It’s December 16th again – a day when parents of Nirbhaya will be forced to relive their trauma; a day when we will all stop, albeit for a moment, and decry the horrific act; when bold promises will be renewed and token gestures will be made; when we will, yet again, congregate, with solemn faces and burning candles and vow to make this city safer for women. To little avail.
The truth is that four years after Nirbhaya’s gruesome rape, not much has changed. Women are no safer. There is no fear of the law as we continue to see images of little girls being raped and left to die in drains. The Delhi rape hotline set up after the incident is strapped for funds and is all but defunct – speaks volumes about our priorities.
It’s time to ask the unpalatable questions. What does this say about our people? If a child of three can be raped, brutalised and killed – what does that tell us about the mind of a man who obviously believes he can walk free? (which he mostly does)
Are we a savage lot? What else explains the unspeakable brutality that the female sex undergoes here. When a three-month-old baby is raped, what does that tell us about a person who can do this? And the fact that we don’t address this on a war footing? These are unsettling questions, and we don’t want to answer them. We express our shock, anger and even anguish, but we stop there – we don’t want to answer the basic question – why are we a society where rape is seen as a – “boys will be boys” thing?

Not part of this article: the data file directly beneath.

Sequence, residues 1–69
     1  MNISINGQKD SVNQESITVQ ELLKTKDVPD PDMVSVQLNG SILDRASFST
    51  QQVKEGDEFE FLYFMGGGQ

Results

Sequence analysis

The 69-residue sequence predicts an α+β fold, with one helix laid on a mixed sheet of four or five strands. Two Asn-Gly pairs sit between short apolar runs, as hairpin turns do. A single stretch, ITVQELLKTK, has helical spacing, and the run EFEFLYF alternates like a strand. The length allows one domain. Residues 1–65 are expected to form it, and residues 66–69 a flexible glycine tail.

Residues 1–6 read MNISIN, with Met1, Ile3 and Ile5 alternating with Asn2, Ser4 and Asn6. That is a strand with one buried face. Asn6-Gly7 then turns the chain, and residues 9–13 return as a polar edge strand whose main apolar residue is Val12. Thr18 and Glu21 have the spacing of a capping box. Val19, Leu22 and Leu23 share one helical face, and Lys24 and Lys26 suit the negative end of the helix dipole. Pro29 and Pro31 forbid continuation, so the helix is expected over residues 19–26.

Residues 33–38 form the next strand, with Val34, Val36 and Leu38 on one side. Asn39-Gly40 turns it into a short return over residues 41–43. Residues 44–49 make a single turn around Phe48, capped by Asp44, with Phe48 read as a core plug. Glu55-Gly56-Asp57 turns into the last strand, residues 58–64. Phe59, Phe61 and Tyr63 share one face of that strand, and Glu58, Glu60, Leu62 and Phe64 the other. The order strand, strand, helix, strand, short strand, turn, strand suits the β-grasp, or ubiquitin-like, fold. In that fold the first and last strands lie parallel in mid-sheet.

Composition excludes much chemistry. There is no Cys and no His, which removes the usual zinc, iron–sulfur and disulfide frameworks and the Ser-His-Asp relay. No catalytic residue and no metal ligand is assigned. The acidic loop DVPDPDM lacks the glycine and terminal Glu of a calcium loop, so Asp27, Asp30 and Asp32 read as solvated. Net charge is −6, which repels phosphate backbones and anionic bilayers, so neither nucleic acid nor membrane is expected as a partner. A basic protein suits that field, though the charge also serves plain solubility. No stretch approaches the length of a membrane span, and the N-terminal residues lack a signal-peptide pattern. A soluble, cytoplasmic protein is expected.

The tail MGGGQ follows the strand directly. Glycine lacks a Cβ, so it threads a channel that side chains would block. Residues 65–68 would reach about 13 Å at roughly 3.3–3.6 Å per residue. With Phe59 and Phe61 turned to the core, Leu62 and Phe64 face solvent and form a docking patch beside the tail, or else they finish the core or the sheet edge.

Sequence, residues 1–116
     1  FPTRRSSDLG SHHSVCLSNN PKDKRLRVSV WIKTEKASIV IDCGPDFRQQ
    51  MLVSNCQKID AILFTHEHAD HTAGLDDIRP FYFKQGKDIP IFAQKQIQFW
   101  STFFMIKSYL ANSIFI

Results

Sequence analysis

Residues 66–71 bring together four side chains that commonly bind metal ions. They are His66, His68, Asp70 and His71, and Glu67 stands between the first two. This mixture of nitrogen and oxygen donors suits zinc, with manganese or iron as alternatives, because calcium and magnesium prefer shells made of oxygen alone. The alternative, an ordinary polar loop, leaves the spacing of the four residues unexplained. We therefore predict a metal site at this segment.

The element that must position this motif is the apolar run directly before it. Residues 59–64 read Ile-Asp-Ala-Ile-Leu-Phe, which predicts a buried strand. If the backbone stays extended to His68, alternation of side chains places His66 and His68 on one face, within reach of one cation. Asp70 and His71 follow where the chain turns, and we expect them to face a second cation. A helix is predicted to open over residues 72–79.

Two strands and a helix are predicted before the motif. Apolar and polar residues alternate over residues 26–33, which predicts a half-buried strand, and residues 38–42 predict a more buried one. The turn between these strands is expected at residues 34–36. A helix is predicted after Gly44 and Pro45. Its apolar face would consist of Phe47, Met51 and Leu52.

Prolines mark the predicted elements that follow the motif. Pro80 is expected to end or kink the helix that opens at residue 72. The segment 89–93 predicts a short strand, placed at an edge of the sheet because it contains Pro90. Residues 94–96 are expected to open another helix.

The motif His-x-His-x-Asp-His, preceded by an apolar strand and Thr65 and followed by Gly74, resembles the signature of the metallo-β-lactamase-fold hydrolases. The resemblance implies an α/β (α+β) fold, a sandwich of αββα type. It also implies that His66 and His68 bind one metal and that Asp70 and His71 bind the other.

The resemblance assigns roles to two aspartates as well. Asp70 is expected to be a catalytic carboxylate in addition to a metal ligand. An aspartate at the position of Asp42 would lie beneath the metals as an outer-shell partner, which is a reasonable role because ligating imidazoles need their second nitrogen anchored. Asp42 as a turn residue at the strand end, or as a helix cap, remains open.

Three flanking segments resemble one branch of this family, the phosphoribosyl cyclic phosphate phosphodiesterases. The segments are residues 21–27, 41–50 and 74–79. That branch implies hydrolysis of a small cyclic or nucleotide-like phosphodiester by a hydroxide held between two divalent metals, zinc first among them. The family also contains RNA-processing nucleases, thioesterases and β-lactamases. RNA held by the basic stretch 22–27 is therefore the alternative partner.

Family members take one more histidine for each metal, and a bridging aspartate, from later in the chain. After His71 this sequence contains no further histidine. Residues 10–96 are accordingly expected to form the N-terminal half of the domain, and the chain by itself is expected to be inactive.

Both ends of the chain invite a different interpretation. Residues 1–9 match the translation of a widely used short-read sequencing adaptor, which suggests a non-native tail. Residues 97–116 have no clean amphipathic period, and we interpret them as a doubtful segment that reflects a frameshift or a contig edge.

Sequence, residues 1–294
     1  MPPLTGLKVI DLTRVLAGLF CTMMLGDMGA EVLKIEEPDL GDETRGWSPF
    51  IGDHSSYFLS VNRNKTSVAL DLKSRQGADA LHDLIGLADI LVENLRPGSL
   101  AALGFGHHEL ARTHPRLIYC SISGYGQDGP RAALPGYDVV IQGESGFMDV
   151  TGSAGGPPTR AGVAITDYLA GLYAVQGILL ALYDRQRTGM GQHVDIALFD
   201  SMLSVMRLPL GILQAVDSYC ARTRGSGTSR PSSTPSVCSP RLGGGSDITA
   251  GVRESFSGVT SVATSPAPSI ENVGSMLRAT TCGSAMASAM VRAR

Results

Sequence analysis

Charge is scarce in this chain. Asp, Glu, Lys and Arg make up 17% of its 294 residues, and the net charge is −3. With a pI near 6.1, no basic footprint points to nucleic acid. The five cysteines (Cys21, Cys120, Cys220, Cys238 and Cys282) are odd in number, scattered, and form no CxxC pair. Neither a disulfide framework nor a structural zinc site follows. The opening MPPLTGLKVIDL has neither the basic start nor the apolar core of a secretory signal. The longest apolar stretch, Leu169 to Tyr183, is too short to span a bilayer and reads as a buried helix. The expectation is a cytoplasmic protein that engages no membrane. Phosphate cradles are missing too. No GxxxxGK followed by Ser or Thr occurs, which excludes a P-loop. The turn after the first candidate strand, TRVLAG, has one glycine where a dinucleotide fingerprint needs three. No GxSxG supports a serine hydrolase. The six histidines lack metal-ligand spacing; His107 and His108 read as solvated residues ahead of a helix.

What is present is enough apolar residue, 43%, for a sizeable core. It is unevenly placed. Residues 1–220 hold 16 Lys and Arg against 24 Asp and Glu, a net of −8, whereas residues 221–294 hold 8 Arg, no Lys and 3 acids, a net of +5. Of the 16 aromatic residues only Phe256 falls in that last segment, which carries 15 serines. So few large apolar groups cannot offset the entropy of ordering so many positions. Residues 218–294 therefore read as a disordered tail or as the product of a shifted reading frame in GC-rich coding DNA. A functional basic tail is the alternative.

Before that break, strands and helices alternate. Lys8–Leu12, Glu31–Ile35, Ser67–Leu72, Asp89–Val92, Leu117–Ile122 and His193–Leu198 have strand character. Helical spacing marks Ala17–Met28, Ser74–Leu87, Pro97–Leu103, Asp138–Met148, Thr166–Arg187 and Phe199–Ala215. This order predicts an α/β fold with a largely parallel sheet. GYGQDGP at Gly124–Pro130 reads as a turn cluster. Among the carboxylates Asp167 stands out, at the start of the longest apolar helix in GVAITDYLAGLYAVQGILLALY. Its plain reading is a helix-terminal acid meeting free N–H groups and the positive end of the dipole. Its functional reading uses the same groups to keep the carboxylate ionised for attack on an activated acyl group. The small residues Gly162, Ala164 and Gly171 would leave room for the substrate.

How does it reflect – of us as a people – when casual rape remarks are seen as funny, and reactions to them are seen as being hyper-feminist?
The answer is indeed unpalatable. We are a savage lot. Nothing else can explain why we can subject women (and little girls) to extreme brutality; why rape videos sell like hot cakes; why three month old babies or seventy year old nuns are not safe; why policeman can ask a rape victim if she enjoyed it; why victims hide their faces while their assaulters roam free; why acid is still available freely and women are stabbed in broad daylight; why mothers of girls are killed for “letting” their daughters wear jeans; why a woman can be raped hours after giving birth in a hospital….I could go on, but I think I have made my point.
Tomorrow will be the 17th of December – and we would have moved on to another issue. Till next year, when rhetoric will peak at around the same time. Meanwhile, if statistics are to be believed, lakhs of women are going to be raped.
What will it take to make women safe, in the true sense of the word, in India? It’s time to answer these questions.